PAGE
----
Building Objects with the Factory Pattern in JavaScript

TL;DR: This article provides an in-depth understanding of the factory pattern in JavaScript and how it’s used to create objects. Factory patterns encapsulate the logic of creating complex objects, making it easier to manage and extend objects when required.

Introduction: The factory pattern is a creational design pattern that provides an interface for creating objects in a super class, but allows subclasses to alter the type of objects that will be created. Essentially, a factory is a collection of objects that construct other objects based on input parameters.


Why use the Factory pattern? The Factory pattern promotes loose coupling and scalability, which are crucial for maintaining and extending the codebase. It simplifies the creation of complex objects by moving this logic into one location, reducing the need for repetitive code.

Implementing the Factory Pattern:

  • Step 1 – mediaFactory.js: This file represents our factory. It contains the logic for creating instances of media objects (e.g., Video, Image), depending on the ‘type’ parameter provided.

define(function (require) { 'use strict'; var media = { Video: require('factory/video'), Image: require('factory/image') }; return { createMedia: function (type, attributes) { var MediaType = media[type]; return new MediaType(attributes); } }; });

  • Step 2 – image.js: This file defines the Image object that the factory can create. The Image object has attributes such as width, height, and name.
javascriptCopy codedefine(function () { 'use strict'; var Image = function (attributes) { this.width = attributes.width || 0; this.height = attributes.height || 0; = || ''; }; return Image; });
  • Step 3 – video.js: Similar to image.js, this file defines the Video object. The Video object has attributes such as length and name.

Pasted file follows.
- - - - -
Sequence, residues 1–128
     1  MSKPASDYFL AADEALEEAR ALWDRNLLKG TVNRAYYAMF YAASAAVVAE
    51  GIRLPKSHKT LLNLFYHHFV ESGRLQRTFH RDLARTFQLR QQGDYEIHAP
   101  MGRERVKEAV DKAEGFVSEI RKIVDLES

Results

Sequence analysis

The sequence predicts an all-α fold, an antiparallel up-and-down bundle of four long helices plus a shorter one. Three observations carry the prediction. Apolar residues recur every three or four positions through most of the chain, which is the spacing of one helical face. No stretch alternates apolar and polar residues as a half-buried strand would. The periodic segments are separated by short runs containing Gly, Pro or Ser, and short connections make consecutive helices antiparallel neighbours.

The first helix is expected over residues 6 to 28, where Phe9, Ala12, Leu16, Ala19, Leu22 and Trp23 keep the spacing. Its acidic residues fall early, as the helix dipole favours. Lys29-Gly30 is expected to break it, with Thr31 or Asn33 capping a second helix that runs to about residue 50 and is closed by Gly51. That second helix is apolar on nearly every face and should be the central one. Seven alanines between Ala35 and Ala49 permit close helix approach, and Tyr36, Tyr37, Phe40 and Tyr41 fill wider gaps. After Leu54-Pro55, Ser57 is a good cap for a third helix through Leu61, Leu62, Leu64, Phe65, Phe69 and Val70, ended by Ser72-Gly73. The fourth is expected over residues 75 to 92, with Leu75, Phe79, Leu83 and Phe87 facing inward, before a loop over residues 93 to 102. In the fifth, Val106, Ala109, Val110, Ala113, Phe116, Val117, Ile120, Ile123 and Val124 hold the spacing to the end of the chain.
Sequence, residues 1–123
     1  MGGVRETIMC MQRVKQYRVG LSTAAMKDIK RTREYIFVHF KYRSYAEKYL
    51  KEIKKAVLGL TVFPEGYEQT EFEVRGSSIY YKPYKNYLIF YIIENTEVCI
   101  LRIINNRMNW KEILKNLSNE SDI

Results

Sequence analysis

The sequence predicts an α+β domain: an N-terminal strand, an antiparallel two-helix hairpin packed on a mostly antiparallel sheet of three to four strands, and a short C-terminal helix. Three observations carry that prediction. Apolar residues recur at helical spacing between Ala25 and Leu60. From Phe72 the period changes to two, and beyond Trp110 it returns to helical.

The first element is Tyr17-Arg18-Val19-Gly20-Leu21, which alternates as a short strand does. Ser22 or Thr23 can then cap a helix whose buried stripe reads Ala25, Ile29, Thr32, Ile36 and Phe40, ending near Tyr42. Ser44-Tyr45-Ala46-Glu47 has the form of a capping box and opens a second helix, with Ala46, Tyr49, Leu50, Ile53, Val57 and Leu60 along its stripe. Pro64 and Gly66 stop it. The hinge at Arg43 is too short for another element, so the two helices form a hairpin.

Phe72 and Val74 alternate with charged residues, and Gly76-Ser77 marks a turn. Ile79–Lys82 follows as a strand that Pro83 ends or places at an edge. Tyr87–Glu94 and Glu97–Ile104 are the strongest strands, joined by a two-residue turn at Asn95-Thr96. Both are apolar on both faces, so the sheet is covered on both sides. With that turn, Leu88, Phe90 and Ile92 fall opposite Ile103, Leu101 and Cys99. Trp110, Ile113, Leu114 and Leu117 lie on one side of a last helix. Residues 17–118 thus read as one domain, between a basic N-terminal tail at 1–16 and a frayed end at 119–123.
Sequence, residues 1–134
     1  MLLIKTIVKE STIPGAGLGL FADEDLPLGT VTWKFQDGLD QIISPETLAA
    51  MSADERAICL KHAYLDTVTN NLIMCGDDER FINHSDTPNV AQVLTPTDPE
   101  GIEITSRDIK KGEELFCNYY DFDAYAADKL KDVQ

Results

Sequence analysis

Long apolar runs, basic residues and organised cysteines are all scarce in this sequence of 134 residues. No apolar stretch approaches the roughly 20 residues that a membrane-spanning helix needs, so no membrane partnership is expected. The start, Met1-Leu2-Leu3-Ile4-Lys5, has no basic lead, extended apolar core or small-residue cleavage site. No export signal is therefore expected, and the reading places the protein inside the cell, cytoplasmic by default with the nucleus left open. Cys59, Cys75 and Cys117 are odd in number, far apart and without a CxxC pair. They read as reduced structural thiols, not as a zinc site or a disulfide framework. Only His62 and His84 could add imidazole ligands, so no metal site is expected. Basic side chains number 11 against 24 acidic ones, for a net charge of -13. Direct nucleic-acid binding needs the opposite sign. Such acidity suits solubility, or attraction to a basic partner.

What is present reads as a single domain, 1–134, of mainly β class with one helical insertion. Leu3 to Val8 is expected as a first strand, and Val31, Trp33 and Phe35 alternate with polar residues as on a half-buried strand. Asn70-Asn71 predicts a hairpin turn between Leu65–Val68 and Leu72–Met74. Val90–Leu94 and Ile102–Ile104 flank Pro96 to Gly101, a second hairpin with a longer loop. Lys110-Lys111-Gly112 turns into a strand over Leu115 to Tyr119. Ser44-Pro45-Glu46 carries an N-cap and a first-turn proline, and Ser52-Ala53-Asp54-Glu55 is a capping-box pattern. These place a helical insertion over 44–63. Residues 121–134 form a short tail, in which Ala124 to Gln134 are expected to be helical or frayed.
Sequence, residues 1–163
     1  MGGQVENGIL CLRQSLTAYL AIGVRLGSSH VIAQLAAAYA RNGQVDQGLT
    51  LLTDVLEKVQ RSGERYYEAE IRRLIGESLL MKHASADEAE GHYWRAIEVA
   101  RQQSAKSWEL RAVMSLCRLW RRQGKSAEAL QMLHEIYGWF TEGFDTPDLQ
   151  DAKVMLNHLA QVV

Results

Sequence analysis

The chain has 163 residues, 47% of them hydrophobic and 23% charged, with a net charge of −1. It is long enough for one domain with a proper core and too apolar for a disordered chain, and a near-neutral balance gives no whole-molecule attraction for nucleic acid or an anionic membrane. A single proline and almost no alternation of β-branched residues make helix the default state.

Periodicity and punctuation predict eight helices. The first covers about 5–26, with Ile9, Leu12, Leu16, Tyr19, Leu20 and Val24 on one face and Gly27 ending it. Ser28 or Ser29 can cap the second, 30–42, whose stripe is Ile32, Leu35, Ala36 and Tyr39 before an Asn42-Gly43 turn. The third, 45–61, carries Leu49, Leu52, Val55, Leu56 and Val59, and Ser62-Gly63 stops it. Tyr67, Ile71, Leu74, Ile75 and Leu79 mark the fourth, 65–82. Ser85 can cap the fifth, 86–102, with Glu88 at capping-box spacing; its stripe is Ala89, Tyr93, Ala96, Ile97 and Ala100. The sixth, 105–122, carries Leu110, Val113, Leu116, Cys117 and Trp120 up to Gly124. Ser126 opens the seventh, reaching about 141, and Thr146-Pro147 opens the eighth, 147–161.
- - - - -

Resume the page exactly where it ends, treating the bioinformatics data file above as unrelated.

javascriptCopy codedefine(function () { 'use strict'; var Video = function (attributes) { this.length = attributes.length || 0; = || ''; }; return Video; });
  • Step 4 – main.js: This file is used to run examples. The runExample function is attached to the global window object and can be used to execute any example available in the examples object.
javascriptCopy coderequire ( ['factory/init', 'pubSub/init', 'strategy/init', 'observer/init'], function (factory) { 'use strict'; var examples = { factory: factory }; window.runExample = function (example) { examples[example].init(); }; } );
  • Step 5 – init.js: This file is where we make use of our mediaFactory to create instances of Video and Image objects.
javascriptCopy codedefine(function(require) { 'use strict'; return { init: function() { var myVideo, myImage, mediaFactory = require('factory/mediaFactory'); myVideo = mediaFactory.createMedia('Video', { length: 3.5, name: 'My video' }); myImage = mediaFactory.createMedia('Image', { width: 100, height: 11, name: 'My Image' }); console.log(myVideo); console.log(myImage); } }; });

Conclusion: The Factory pattern is a highly useful design pattern in JavaScript. It encapsulates the creation of objects, decoupling the process of object construction from the client that requires the object instances. By implementing the Factory pattern in your JavaScript code, you simplify object creation, especially for complex objects, and make it easier to extend the types of objects that your code can produce.